Obituary / Gp Capt F. C. Richardson

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The Independent Online
F. C. Richardson made a unique and outstanding contribution to RAF navigation, for in 1940-41 - working in the Air Ministry while the Battle of Britain was at its height - he wrote the Manual of Air Navigation (known in the Service as AP [Air Publication] 1234), a classic account of basic principles with Alice in Wonderland quotations at the head of each chapter.

Published by HMSO in 1941, it was circulated to all flying training schools in the UK and throughout the Commonwealth Air Training Scheme for many years afterwards, and was translated into many languages - including German (though the Luftwaffe captain given the task found the English of Lewis Carroll beyond him).

"Dickie" Richardson's pre-war career had well prepared him for this task. He had joined the RAF in 1933 on a short- service commission and was trained in Egypt, at No 4 Flying Training School, Abu Sueir, where he passed out with an "Exceptional" rating as a pilot. He was then posted to the prestigious No 216 bomber/ transport squadron, at Heliopolis near Cairo.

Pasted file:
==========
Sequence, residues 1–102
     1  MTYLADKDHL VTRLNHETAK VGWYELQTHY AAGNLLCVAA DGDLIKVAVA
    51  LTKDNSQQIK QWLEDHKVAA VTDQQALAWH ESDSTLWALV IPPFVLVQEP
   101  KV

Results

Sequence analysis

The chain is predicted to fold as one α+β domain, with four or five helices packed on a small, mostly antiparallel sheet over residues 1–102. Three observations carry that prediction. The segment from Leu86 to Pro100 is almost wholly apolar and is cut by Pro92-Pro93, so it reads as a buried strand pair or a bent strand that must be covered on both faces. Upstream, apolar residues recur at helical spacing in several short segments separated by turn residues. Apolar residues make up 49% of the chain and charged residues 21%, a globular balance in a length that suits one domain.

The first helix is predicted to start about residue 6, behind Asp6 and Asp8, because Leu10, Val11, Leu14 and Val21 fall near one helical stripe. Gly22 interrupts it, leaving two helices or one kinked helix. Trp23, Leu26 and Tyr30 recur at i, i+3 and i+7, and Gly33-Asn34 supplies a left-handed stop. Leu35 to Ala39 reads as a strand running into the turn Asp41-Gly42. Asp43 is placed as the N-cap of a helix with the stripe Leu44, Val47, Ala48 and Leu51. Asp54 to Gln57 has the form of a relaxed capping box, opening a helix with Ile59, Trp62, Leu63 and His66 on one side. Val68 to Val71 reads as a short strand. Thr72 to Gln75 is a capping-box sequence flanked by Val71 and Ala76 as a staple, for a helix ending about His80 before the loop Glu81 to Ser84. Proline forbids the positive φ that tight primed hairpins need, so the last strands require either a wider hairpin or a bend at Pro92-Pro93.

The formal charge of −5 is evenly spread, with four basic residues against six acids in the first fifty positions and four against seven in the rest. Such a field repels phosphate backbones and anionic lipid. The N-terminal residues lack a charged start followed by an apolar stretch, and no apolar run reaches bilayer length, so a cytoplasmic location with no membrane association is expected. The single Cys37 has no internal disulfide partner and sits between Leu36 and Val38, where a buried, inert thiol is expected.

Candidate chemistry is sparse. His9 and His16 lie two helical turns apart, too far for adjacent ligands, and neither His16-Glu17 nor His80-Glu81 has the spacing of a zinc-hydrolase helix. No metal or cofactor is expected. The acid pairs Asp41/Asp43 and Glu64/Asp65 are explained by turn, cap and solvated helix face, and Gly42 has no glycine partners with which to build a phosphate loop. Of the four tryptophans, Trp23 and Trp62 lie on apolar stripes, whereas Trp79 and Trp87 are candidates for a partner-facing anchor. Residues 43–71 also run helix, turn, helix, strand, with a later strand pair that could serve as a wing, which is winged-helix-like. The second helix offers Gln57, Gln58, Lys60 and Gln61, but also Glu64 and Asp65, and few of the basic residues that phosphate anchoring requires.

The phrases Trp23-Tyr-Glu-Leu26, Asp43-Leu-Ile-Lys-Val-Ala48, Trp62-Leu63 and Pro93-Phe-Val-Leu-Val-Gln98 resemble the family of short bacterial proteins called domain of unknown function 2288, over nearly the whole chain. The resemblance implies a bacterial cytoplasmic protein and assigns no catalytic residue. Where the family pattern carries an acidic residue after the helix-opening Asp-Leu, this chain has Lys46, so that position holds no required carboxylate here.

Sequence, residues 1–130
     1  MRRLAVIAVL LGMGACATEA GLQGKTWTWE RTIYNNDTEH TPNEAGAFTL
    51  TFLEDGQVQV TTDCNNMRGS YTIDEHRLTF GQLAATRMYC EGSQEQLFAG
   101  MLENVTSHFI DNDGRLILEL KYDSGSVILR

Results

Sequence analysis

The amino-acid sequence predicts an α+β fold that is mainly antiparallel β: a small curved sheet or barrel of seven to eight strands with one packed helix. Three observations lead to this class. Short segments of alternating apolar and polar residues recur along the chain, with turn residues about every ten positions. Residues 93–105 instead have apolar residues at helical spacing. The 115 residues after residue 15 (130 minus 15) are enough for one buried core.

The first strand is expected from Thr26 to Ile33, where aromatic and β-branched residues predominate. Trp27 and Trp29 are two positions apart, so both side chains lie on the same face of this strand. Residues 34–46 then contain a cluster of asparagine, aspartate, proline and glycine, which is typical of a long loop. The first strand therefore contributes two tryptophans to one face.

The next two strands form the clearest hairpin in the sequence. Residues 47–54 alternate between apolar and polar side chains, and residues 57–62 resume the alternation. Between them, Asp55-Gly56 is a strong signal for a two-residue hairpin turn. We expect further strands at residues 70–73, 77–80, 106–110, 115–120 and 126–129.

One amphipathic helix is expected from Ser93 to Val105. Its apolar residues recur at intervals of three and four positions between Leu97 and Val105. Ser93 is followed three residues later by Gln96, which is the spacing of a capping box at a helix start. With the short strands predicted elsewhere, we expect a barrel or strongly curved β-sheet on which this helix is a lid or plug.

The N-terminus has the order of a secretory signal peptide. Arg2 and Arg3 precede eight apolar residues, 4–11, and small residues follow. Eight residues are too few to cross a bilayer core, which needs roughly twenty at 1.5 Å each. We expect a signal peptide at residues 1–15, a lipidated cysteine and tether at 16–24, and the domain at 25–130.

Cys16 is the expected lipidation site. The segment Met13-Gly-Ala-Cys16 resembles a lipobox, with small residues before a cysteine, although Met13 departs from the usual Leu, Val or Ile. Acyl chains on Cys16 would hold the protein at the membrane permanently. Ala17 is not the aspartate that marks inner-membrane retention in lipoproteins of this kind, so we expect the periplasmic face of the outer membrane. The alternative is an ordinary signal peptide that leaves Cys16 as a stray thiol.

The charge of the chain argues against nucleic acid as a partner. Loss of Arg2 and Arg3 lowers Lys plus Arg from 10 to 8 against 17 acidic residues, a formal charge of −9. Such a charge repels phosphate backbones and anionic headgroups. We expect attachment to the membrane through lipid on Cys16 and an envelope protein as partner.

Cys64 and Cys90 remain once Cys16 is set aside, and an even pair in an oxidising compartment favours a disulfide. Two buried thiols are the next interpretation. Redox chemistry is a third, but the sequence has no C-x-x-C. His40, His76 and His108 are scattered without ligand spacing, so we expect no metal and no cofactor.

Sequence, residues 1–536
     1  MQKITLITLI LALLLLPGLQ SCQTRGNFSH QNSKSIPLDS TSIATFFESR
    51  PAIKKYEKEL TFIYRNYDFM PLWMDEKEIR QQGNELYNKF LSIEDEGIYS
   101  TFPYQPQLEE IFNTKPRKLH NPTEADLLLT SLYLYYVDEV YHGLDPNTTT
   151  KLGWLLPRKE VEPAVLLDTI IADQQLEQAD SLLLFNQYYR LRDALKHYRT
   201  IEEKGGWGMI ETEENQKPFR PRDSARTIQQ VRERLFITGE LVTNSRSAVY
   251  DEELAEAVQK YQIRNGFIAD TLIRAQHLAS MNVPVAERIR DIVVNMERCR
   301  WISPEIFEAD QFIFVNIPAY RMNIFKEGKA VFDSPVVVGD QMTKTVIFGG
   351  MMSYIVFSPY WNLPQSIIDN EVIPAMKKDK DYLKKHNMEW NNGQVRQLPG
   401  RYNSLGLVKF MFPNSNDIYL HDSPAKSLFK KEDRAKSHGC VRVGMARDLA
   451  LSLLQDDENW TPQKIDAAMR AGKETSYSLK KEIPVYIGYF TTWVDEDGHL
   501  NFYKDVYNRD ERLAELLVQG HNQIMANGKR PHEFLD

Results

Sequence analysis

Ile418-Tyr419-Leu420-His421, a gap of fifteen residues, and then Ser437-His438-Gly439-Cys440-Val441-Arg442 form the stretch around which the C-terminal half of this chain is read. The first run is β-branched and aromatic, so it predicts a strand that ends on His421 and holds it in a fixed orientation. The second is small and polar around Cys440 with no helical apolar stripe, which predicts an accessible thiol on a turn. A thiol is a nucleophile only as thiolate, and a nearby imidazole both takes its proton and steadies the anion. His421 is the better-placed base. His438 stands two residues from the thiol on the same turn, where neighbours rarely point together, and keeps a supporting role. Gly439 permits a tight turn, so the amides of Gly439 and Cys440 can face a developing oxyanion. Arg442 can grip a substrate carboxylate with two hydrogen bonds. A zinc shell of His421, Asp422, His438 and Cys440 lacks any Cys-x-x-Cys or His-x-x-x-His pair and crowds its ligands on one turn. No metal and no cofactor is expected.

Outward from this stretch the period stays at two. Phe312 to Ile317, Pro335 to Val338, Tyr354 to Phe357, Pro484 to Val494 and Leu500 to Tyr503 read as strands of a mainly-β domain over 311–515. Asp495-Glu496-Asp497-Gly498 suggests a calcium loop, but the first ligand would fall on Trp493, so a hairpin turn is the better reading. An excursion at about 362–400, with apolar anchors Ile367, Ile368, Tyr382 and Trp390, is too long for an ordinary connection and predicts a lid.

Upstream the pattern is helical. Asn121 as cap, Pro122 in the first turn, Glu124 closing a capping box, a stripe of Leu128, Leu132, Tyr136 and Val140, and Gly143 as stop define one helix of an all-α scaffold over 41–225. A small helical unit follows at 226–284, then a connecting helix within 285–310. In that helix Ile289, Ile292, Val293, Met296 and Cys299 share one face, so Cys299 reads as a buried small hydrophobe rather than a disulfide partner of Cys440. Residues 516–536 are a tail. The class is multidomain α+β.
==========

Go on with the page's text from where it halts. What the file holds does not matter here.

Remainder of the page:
Operations to Kenya and West Africa, and across the deserts of Iraq (vividly described in a recently completed but as yet unpublished autobiography), gave him his first practical experience in air navigation; and this was consolidated when in 1937-38 he took the specialist course at the School of Air Navigation at Manston. His success there, and the resultant "N" after his name in the Air Force List, led to his posting to the Air Ministry to write the Manual of Air Navigation.

Richardson then did an operational tour, commanding a Whitley squadron, No 502, at St Eval, Cornwall, in 1942-43 during the Battle of the Atlantic. By now a Wing Commander, he was appointed Chief Navigation Officer at Coastal Command HQ.

His operational experiences led him to influence the Air Staff to make two changes in the role and status of navigators: limiting their airborne duty to 10 hours (unless a second navigation was being carried) and making it possible for them to become captains of aircraft.

In post-war years he helped to set up the Empire Navigation School (famous for its trans- polar and world circumnavigation flights by the Lancaster Aries) at Shawbury, in Shropshire, becoming Deputy Commandant before his retirement from the RAF in 1958.

Humphrey Wynn

Frederick Charles Richardson, air force officer: born Streatham, London 24 January 1912; married 1937 Mary Greaves (one son, one daughter, and one son deceased); died Pinner, Middlesex 12 October 1995.